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Earlier this summer, the Canadian Wildlife Health Cooperative, with assistance from Prairie Diagnostic Services and the Public Health Agency of Canada’s National Microbiology Laboratory, made the diagnosis of tularemia in both a white-tailed jackrabbit and a red squirrel found in residential parks within the Saskatoon city limits.

These cases were notable for a couple of reasons. First, tularemia is a zoonotic disease, which means it can be transmitted to humans. This was the first time we had diagnosed the disease in urban wildlife where the potential for contact with people is high. As well, the rabbit was initially submitted to a rehabilitation facility with the suspicion that it had been hit by a car, resulting in further contact with humans. Second, although we diagnose tularemia occasionally in muskrat and beaver, and a widespread die-off of deer mice in southern Saskatchewan in 2005 was determined to be due to tularemia, this is the first time we have diagnosed the disease in a white-tailed jackrabbit.

In years past, when commercial trapping of muskrat and beaver and the hunting of rabbits was much more common, tularemia in people was a more frequent occurrence. Although readily treated with antibiotics, prior to their discovery and widespread
availability, infection with tularemia could be fatal. While tularemia fatalities today are very rare, people can be hospitalized with the disease.

Tularemia is caused by the bacterium Francisella tularensis. This bacterium has a very broad host range, which includes mammals,
birds, amphibians, and invertebrates, but it is primarily a disease of lagomorphs (rabbits and hares) and rodents. In North America, there are two subspecies: tularensis (also known as Type A) and palaearctica (also known as Type B or holarctica). In western and northern Canada, Type B is the most common subtype isolated, typically in muskrat and beaver, but it was also responsible for the deer mouse die-off in Saskatchewan, and was the subspecies found in the jackrabbit from Saskatoon. Fortunately, the holarctic, or Type B strain, is less serious in people than Type A. Type A tularemia is more often associated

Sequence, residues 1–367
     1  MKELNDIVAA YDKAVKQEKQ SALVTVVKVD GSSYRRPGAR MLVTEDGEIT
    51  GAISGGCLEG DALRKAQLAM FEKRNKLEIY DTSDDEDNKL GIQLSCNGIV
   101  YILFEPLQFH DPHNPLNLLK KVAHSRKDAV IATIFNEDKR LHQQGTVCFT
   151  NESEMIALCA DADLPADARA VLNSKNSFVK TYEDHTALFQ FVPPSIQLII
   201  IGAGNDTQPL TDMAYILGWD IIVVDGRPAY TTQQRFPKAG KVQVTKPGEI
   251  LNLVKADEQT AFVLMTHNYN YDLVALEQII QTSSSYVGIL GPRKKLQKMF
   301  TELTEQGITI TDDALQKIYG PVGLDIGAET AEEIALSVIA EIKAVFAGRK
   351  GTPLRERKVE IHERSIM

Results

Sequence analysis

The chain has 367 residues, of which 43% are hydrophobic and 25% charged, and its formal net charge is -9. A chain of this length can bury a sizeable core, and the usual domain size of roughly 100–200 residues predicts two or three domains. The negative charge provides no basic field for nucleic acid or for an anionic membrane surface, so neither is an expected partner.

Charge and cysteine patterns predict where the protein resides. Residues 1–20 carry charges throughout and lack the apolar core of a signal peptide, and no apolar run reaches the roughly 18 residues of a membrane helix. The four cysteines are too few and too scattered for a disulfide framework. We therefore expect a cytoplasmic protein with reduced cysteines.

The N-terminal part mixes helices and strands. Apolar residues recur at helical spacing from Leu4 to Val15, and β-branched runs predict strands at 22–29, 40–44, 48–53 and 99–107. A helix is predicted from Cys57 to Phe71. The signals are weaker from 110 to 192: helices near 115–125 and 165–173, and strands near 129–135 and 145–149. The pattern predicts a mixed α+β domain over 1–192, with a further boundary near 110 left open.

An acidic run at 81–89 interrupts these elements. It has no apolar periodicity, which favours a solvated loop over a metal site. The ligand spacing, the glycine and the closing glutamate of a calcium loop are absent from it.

with rabbits and hares and is more common in eastern North America.

Tularemia is highly infectious and can be transmitted by the bite of blood-feeding insects (mosquitoes, fleas, deer flies, and ticks), contact with tissues of an infected animal, inhalation of infectious particles, or by ingestion of contaminated water or meat. In a publication from the early 1950s, higher rates of tularemia in rabbit hunters in Illinois and Minnesota were associated with early hunting seasons when insect vectors were still abundant prior to freezing temperatures.

       

In Canada, human cases are most often seen in trappers. Occasionally there are reports of grounds-keepers becoming infected, and in at least one case, it was thought to have been associated with a person running over a tularemia-infected carcass with a lawn-mower, aerosolizing the bacteria which was then subsequently inhaled. Another interesting case from the 1970s involved a veterinarian at the Assiniboine Park Zoo in Winnipeg who became infected after being bitten by a monkey that was receiving treatment for tularemia. Some monkeys appeared to have become infected from contact with ground squirrels in the exhibit (which were subsequently found to be infected with Francisella tularensis) and several monkeys in the collection died.

Tularemia in people can take several forms, depending on the route of exposure. If the bacterium is inhaled, coughing or difficulty in breathing can occur (pneumonic form). If there is a bite or skin exposure, ulcers can develop, along with swollen and painful draining lymph nodes (ulceroglandular form). Sore throat or abdominal pain can occur with ingestion of the bacterium (digestive
form). If the disease becomes more widespread in the body, people can develop fever and chills with muscle and joint pain (typhoidal form). Given the range of symptoms, this disease may be misdiagnosed and is likely under-reported. Prompt and proper diagnosis with appropriate antibiotic treatment can prevent development of more severe disease.

On a final note, August 2017 media reports from the interior and southcentral region of Alaska indicate there has been an increase in the number of cases of tularemia in dogs and cats, some of them fatal. Contact with infected snowshoe hares is thought to be the source of disease in many of these cases.

People should not be unduly worried about tularemia, as its diagnosis is relatively uncommon in people and pets, but should be aware that this is a potential cause of disease, especially if there is a high level of contact with lagomorphs and rodents, either through work or recreation

Author: Trent K. Bollinger, DVM,
Canadian Cooperative Wildlife Health Centre,
Western College of Veterinary Medicine.
Trent is a regular contributor to WCGW.



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